Motivation of Customers as Essential Tool in Financial Institution

Motivation of Customers as Essential Tool in Financial Institution

It is important and very essential to review prior conclusion on work by some of the authors used in this research work. Related works have been done in the area of motivation which forms the basis for the work under view. It is then wise to start with the words of Schein (1965) which says that motivation is concerned with what they people do or refrain from doing things and that the process of motivation involves choosing alternative form of action in order to achieve some desired end goal. Such goals can be tangible e.g higher profit or intangible such personal or organizational reputation.

Maslow (1954) produced the theory of needs and is simply concerned with the identification of factors and processes to which attention must be paid in order to develop in customer’s or peoples the willingness, the readiness and the interest recognized before customer can do anything at all. He placed his needs into five categories arranged in ascending order in a hierarchy. They are:

  1. Physiological needs i.e. need for clothing, shelter, sleep, fest, elimination of waste.
  2. Safety i.e. desire for security such as job, security, protection and freedom from all kinds of danger.
  3. Love and belonging needs i.e. motive for friendship companionship.
  4. Self-esteem need i.e. desire for respect, confidence, freedom of integrity and administration.
  5. Self actualization. It is regarded as the highest level of human needs.

The central idea of Maslow’s theory of needs is that people tend to satisfy their needs systematically, starting with the basic physiological needs and then moving up to the hierarchy.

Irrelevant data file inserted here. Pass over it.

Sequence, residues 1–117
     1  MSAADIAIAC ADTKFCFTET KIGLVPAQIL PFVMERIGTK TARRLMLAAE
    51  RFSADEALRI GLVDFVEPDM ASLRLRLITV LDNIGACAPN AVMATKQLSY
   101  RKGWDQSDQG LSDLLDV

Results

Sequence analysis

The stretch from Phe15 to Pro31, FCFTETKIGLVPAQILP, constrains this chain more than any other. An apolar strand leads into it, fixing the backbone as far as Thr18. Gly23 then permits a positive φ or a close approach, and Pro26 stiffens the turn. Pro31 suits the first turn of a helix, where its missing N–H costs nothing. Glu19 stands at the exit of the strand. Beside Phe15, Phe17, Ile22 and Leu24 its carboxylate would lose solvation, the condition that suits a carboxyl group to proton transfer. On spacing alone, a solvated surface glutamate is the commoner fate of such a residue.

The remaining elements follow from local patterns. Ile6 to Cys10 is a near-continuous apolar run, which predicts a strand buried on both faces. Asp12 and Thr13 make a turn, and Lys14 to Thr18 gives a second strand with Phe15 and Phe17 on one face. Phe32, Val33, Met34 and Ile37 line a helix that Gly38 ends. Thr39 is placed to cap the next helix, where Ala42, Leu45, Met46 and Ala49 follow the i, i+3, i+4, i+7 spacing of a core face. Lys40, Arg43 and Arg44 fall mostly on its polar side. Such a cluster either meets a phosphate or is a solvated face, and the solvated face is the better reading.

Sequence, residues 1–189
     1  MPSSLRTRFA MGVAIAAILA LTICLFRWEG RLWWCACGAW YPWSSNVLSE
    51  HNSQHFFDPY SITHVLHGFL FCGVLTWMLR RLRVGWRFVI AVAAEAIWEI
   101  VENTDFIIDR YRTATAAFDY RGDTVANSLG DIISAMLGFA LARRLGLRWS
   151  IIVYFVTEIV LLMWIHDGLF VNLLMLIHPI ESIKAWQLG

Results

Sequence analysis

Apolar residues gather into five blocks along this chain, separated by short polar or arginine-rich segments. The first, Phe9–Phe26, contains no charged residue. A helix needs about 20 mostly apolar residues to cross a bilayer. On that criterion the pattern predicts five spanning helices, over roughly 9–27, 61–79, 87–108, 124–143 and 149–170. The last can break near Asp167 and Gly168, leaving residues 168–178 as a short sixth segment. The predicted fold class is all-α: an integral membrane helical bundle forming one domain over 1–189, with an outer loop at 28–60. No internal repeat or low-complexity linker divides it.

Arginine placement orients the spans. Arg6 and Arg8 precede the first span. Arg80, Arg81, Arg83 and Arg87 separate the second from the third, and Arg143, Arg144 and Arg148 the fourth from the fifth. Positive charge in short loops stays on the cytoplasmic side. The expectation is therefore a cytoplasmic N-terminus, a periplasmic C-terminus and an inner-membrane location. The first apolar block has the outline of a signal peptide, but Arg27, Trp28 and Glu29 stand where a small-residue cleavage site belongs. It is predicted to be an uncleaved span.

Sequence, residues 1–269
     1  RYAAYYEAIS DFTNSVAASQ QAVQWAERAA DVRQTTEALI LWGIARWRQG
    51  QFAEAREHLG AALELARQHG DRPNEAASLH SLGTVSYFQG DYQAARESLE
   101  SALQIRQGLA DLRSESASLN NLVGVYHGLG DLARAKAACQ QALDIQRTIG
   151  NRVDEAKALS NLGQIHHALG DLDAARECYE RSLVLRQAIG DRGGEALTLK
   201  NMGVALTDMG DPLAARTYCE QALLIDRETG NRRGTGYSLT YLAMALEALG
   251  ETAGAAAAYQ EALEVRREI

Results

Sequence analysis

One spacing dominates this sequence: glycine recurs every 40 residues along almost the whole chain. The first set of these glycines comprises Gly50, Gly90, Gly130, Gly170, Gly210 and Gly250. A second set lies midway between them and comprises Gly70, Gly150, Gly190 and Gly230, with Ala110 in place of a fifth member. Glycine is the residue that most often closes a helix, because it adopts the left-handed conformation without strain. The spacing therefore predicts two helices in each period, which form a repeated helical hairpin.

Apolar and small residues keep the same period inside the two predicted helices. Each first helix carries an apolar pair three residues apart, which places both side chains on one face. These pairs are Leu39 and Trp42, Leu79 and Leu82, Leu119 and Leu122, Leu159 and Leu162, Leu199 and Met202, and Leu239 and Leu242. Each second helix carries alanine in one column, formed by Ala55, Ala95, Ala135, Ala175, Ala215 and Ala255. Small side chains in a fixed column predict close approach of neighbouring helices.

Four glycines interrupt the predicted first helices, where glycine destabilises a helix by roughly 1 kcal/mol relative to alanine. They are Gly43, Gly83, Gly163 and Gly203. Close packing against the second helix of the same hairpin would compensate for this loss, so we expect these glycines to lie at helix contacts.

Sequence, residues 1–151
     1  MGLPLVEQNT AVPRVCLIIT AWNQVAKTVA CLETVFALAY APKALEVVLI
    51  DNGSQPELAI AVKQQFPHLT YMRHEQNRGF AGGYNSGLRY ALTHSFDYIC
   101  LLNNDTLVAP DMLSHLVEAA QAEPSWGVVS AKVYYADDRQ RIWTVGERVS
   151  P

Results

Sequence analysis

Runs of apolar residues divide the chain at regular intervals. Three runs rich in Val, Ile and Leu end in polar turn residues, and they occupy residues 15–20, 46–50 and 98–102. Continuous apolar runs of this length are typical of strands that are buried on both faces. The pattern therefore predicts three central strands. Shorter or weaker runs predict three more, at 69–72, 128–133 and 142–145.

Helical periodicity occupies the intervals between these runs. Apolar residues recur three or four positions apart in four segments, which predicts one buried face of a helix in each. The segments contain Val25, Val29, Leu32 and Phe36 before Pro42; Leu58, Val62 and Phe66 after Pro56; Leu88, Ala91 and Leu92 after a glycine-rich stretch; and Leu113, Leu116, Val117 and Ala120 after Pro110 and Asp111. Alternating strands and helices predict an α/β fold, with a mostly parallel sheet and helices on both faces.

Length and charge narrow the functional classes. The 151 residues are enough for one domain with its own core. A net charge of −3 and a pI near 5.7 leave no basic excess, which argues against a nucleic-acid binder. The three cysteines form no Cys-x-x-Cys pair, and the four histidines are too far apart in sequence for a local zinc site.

Herzberg (1988) came out with some certain factors that led to job satisfaction, while others that lead frequently to dissatisfaction, they called factors resulting to satisfaction “Motivation” and these postulating satisfaction or leading to dissatisfaction they called hygiene factors. The motivating factors include achievement, recognition, the attraction of works itself, responsibility, advancement. His assumptions are clear in the sense that highly motivated customers cannot be bought just with items.

Institution like banks can achieve this through organizational policy, technical supervision, working condition, thereby satisfying both Adam and Abraham natures of man in service or work. Mc Clelland (1961) identified three types of needs: they are for power (n-power) need for attention (n/aff) and need for achievement (n/Ac-H). The financial institution with the need for power seek for leadership they endulge in argument.